Ten years ago, she was evaluated for deranged transaminases (aspartate aminotransferase: 298, alanine aminotransferase: 234, alkaline phosphatase: 570, and gamma-glutamyl transferase: 1,192) and epigastric pain. On evaluation, radiological imaging showed a mass lesion of size 5.5 cm in the right lobe of the liver and biopsy was consistent with intrahepatic cholangiocarcinoma after which she underwent right hepatic lobectomy. The postoperative histopathology confirmed poorly differentiated cholangiocarcinoma without involving resection margins or evidence of cirrhosis or primary sclerosing cholangitis. There has been no recurrence on subsequent follow-up scans, and there were no features consistent with primary sclerosing cholangitis on magnetic resonance cholangiopancreatography. Further evaluation led to a diagnosis of alfa-1 antitrypsin deficiency with very low serum levels (0.4 g/L).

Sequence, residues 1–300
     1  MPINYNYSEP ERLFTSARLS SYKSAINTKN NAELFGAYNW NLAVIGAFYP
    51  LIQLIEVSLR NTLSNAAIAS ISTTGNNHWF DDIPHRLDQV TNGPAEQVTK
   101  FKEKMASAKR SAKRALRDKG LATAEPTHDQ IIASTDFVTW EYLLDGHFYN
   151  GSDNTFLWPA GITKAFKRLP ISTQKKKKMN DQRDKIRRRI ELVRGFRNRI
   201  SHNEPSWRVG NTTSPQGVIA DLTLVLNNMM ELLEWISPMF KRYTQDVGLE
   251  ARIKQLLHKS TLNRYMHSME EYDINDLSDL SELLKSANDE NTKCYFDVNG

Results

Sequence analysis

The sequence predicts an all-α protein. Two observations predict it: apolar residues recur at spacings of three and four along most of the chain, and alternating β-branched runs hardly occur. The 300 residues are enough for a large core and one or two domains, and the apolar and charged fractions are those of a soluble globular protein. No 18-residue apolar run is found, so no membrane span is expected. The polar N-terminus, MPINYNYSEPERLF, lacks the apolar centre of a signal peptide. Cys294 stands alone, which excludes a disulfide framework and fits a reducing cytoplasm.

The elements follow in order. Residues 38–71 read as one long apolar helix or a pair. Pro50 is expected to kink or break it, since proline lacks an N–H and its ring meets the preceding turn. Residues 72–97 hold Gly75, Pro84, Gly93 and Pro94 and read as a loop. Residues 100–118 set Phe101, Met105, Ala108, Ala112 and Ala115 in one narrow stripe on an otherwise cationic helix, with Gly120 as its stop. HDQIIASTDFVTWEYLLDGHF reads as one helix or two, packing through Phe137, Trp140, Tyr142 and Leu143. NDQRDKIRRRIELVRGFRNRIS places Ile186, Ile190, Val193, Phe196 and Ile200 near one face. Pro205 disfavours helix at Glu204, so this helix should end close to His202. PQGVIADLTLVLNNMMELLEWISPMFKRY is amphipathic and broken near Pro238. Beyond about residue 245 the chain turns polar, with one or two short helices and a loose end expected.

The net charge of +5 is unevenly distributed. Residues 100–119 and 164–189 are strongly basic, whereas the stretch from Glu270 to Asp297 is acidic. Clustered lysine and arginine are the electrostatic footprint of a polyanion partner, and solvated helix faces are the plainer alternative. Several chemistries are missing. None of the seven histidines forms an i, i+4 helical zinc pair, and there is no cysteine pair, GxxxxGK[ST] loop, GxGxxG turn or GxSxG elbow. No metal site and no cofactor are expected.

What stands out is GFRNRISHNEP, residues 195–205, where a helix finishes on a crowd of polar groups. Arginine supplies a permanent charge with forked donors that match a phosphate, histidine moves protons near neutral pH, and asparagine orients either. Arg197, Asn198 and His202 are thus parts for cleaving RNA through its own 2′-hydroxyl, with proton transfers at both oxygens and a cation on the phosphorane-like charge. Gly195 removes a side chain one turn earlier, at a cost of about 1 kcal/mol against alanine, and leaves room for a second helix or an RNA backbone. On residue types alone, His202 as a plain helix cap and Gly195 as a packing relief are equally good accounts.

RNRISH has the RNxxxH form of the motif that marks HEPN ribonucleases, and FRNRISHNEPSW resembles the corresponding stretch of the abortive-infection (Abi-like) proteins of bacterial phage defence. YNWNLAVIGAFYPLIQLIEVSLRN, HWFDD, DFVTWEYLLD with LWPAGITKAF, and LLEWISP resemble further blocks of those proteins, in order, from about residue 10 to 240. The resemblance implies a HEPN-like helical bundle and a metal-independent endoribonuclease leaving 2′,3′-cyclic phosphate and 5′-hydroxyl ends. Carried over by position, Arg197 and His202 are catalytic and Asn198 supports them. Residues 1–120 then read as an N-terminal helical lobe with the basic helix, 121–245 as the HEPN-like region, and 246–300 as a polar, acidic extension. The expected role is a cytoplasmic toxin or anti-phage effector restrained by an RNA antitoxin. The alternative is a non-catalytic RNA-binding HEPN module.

In 2016, she experienced abnormal sensations over the right side of her abdomen and right lower limb. She was diagnosed with relapsing MS after 2 relapses that same year, and magnetic resonance imaging features were consistent with MS (Figure 1). She was initiated on glatiramer acetate with good disease control.